Still, on this particular issue, the model Gianaris is proposing would put New York more in line with Washington DC and New Jersey, where cash bail for nonviolent offenders is basically nonexistent, as the Wall Street Journal reported. It would also place the Empire State at the forefront of bail reform nationwide, as Gianaris's plan is the latest in a string of NYC measures aimed specifically at taming the bail beast.
In June, just weeks after Browder's death, the City Council included a citywide bail fund in its fiscal budget for 2016. The $1.4 million initiative would use taxpayers' money to release individuals with bails set under $2,000 rather than imprisoning them in the city's jails, which costs the city about $450 a day per person. (The average stay in city jails is also 24 days, according to City Council Speaker Melissa Mark-Viverito.)
For perspective: In 2013, over 16,000 New Yorkers were behind bars because they were unable to pay a bail of $2,000 or less. And some 6,000 of those people couldn't post for an amount between $500 and twenty bucks.
In July, the Manhattan District Attorney's office—in conjunction with Mayor Bill de Blasio's administration— announced a $17.8 million fund composed of seized assets and city money to substitute in community-based supervision for cash bail for roughly 3,000 low-level offenders. Based on pilot programs already launched in Manhattan and Queens, the initiative includes daily check-ins, drug rehabilitation, and behavior counseling.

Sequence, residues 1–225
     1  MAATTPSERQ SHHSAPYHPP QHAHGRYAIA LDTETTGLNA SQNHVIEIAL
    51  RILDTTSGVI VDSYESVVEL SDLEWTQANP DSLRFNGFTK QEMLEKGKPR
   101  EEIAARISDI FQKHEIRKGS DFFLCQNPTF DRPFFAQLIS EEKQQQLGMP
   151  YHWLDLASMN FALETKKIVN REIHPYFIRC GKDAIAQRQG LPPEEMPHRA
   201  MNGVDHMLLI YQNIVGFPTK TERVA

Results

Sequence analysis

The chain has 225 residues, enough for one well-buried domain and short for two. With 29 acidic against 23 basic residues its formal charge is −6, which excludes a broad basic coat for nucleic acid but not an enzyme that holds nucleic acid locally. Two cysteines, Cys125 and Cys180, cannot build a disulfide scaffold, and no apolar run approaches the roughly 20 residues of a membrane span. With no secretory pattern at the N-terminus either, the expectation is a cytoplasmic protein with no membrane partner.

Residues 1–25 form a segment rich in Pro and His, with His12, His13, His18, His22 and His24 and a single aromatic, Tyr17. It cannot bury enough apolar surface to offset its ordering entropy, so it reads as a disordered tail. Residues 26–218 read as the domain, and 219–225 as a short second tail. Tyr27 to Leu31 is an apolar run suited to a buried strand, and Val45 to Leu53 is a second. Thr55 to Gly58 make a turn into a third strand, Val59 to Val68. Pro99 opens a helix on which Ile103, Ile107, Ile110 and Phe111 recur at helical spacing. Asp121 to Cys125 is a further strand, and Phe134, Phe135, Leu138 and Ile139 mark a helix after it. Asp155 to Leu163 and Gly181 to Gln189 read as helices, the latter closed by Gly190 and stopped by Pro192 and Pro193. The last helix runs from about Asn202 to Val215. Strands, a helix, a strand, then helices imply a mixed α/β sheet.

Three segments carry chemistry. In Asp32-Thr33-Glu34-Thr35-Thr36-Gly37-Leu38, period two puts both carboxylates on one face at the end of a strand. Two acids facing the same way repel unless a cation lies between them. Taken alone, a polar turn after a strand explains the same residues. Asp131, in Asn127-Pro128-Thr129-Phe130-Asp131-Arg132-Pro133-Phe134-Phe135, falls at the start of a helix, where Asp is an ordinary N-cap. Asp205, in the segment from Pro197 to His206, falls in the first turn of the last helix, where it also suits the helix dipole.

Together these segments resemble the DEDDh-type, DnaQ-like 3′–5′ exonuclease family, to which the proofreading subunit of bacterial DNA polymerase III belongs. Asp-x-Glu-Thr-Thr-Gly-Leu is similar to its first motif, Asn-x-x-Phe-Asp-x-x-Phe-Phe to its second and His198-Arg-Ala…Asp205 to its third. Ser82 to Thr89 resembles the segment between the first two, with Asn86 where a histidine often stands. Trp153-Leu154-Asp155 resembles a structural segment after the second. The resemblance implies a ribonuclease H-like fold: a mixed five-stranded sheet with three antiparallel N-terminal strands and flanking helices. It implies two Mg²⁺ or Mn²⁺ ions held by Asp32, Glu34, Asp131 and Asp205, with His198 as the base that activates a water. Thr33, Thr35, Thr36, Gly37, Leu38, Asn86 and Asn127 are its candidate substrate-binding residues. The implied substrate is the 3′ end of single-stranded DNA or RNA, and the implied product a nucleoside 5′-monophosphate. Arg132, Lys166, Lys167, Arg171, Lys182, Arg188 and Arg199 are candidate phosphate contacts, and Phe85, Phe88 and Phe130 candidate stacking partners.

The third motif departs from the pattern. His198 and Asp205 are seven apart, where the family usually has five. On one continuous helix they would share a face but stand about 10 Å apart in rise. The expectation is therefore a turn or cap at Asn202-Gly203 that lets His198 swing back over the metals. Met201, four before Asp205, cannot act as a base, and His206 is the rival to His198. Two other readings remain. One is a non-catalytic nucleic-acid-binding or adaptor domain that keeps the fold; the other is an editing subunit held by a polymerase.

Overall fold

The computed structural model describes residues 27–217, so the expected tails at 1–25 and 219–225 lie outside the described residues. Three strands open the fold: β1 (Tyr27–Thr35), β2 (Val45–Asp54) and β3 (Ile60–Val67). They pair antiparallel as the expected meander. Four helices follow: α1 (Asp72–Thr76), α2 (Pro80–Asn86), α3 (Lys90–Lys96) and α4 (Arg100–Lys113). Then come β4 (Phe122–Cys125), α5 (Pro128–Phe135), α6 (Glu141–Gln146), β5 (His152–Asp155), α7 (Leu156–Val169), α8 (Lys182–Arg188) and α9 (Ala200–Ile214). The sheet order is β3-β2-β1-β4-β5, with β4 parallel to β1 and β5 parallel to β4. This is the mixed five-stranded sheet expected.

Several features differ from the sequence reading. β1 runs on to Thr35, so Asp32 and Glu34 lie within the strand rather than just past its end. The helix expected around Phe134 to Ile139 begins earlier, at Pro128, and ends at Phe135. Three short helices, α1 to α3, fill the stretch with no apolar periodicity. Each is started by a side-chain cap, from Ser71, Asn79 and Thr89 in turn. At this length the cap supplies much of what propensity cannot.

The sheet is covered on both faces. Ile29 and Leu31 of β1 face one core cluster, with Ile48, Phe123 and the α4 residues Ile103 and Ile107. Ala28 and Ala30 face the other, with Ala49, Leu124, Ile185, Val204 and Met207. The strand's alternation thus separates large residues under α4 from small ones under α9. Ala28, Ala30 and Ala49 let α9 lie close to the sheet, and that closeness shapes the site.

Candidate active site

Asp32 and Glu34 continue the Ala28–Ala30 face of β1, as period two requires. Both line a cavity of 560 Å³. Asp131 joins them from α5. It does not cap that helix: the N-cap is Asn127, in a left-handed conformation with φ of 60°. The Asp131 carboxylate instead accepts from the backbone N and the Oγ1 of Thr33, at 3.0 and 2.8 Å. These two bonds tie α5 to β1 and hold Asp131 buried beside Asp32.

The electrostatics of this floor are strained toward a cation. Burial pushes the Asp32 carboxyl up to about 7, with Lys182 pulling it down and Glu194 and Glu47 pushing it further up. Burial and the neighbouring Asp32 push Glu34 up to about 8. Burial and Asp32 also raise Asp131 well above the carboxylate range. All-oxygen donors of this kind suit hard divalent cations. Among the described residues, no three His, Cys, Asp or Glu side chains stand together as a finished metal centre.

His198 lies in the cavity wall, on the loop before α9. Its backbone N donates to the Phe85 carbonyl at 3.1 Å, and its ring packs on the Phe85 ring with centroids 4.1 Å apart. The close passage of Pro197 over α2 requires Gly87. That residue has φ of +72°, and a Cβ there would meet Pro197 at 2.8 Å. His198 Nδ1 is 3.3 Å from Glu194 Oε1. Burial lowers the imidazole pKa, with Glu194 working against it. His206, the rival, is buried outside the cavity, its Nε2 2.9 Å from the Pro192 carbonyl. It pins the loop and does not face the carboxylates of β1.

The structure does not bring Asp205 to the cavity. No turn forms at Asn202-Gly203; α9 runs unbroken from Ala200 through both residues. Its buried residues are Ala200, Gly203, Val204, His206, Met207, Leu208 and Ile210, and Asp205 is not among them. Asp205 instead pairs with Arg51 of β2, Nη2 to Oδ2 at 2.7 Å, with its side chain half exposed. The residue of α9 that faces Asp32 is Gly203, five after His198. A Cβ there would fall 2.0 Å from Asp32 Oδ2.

This was followed most recently by Jonathan Lippman—the Chief Judge of the New York State Court of Appeals and a vocal critic of the bail system—announcing earlier this month that judges will undergo training to understand new review procedures for bail.
Quoting Alice in Wonderland, Lippman said, "Sentence first, verdict afterwards," to describe bail in New York. "They are meant as a parody of justice," he noted. "Yet the words ring true for New York's bail system." The judge's reforms also include a electronic supervision program for defendants that pass through the dreadful Manhattan Criminal Court, which stays open to 1 AM on most nights just to deal with the seemingly never-ending caseload (this is something I saw firsthand when I spent 16 hours in Manhattan criminal court for a VICE story).
NYC Council Member Rory Lancman is currently in talks with the mayor's office to discuss how paying the actual bail—a more underreported issue that, in effect, makes it very difficult to secure the of release a loved one—can be changed. "It's not just the truth, but the operating principle, of our criminal justice system," Lancman recently told VICE. "And that is, the process is the punishment."
All of these reforms are either being done administratively or else lie in the jurisdiction of the New York City Council, a body that is more prone to criminal justice reform than some others around the state and the country.
This is where things get tricky.
When state lawmakers in Albany return to work in January, Gianaris's bill will have to clear some hurdles. Although the idea has already garnered numerous sponsors in both the State Senate and Assembly, a Republican representative told the Journal that he couldn't imagine any other Republicans—who control the Senate—supporting it. Governor Andrew Cuomo has also remained quiet on the bail question.
In other words, fixing the broken criminal justice system isn't quite as urgent a priority in Albany as it is in Manhattan.
But until January, State Senator Gianaris plans to set out on a campaign to combat critics who argue that eliminating bail is a threat to public safety. "That argument, to me, displays complete ignorance of the issue," he told VICE. "Bail was never a mechanism to keep people off the streets. It was established as a way to keep people coming back to court."
"And I think the time for reform is now," he added.